President M. Roy Wilson told The Detroit News that the dismissal hearings are about excellence and accountability, and that the professors facing the hearings are “grossly underperforming” and “not doing anything” -- making it difficult to move the university toward its mission as a premier urban research institution. Charles Parrish, a professor of political science and president of the American Association of University Professors-American Federation of Teachers faculty union at Wayne State, said the process may be about cutting costs more than anything else. “No other university that I know of in American history has launched an attack on tenure in this way, announcing that they were going to go after (nearly) 40 faculty members,” he said. “There have been attacks on tenure all over the country … but not from inside the university.”

March 30, 2017

The University of Louisville Foundation killed a deferred compensation program that provided about $20 million to a small group of administrators, weeks after its lawyer said the program was structured to conceal it from foundation employees.

Former University of Louisville President James Ramsey and about a dozen other university officials received compensation under the program. Those who are currently vested in the program will receive money that was promised to them, but any remaining funds will not be disbursed, according to Louisville Business First. Six university employees will be affected by the decision, which was announced Tuesday.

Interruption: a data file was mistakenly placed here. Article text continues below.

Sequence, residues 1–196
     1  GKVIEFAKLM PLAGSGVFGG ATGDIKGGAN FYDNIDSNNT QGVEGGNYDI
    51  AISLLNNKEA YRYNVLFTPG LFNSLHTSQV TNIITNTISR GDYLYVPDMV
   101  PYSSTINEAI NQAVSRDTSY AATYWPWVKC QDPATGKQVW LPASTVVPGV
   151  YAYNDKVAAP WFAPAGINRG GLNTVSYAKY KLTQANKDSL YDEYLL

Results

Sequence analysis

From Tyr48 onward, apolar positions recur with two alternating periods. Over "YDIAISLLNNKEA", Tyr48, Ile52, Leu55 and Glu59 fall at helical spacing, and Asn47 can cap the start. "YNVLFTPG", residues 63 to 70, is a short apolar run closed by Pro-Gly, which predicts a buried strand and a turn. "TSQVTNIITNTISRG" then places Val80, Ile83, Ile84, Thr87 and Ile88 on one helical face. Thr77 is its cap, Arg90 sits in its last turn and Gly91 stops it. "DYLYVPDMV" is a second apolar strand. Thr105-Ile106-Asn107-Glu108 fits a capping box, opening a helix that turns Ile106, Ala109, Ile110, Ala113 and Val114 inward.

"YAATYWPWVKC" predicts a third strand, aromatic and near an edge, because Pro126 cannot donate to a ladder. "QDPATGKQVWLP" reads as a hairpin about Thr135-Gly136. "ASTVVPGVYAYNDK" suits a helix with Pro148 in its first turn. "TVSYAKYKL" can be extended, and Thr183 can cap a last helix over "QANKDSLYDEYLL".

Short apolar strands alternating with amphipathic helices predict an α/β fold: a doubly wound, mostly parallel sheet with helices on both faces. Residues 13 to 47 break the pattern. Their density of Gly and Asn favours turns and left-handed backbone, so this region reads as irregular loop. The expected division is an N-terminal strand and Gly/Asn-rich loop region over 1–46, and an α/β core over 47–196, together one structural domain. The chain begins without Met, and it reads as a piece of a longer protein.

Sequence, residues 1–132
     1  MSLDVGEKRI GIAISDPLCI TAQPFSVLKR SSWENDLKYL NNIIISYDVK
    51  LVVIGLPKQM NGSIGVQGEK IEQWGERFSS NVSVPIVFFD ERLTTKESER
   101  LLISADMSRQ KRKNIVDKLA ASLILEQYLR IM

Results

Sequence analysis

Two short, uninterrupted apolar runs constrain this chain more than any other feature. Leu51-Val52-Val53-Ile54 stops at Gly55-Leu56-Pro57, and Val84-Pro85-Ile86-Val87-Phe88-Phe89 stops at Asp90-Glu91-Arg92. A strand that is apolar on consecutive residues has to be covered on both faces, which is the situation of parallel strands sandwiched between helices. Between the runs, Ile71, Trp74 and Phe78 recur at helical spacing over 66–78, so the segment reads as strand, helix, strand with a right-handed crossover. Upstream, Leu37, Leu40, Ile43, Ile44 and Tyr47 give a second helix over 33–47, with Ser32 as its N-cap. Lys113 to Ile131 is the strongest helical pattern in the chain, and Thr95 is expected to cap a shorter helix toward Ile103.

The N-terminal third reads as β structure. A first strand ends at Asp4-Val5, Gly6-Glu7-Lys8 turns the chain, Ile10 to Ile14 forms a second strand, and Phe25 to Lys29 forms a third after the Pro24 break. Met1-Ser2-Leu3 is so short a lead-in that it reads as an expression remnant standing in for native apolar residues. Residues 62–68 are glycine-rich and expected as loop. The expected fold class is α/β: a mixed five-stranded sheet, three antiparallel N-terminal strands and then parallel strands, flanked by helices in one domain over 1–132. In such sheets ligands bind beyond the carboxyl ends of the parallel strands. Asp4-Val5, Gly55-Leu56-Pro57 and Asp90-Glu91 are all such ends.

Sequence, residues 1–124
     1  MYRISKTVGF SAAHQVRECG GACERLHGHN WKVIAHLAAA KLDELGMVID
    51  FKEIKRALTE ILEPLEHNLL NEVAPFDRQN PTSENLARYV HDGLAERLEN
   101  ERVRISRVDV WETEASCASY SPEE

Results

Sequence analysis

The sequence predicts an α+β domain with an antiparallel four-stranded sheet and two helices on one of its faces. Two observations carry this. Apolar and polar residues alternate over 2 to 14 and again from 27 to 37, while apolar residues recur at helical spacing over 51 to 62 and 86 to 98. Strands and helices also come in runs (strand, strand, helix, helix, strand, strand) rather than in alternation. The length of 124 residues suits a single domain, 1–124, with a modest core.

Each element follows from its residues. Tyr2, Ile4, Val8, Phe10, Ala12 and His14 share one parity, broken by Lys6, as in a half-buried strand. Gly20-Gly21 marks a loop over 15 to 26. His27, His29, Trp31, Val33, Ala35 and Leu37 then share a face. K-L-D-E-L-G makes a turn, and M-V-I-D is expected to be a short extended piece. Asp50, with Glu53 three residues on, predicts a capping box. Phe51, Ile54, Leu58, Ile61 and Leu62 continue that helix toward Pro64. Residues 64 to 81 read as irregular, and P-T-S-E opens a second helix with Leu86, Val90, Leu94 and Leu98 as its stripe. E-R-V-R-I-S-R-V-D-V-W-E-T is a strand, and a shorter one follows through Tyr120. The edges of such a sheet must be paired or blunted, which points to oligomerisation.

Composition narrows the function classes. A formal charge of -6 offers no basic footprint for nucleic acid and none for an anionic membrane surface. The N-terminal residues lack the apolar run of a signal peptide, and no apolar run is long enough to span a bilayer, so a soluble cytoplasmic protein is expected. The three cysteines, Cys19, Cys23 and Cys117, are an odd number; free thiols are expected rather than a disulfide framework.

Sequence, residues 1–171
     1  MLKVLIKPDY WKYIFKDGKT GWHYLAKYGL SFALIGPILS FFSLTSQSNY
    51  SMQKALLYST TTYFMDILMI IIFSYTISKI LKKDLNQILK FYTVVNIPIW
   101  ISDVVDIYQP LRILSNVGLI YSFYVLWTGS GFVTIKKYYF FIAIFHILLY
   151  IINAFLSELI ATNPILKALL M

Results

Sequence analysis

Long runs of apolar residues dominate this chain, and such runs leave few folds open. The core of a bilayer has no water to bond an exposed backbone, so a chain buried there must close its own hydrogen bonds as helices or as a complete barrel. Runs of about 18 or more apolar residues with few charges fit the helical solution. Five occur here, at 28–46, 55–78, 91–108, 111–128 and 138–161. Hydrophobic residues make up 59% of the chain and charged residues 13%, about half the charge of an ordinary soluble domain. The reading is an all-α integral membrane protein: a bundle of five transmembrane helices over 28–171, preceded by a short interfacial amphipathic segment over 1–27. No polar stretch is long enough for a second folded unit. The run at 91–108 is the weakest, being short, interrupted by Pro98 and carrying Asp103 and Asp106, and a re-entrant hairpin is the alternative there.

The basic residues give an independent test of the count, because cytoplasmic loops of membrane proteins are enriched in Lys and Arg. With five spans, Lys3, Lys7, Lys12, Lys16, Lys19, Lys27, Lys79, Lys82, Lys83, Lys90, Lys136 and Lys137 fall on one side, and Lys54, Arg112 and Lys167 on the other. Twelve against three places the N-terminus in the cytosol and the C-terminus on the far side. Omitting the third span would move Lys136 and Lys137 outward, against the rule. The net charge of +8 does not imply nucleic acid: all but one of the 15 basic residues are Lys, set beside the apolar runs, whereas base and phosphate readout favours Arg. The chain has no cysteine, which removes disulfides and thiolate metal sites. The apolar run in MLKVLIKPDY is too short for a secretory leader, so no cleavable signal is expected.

Earlier this month, the longtime attorney for the University of Louisville Foundation told the foundation’s board that the organization had created two limited liability companies to administer deferred compensation awards for “obfuscation purposes,” according to WDRB. He later said he regretted using the word “obfuscation” and said the intention was to keep a group of people who work at the foundation from accessing records, not to conceal the compensation from the public.

March 30, 2017

The University of North Dakota announced Wednesday that it is eliminating three athletic teams: women’s hockey and men’s and women’s swimming and diving. The university cited the need for deep budget cuts and said that scholarships awarded to current players would be honored.

Minnesota Public Radio noted that the decision was stunning in the world of women's ice hockey, as the team has been highly successful. The North Dakota team sent eight players to the last Olympic games and is sending five to this year's world championships.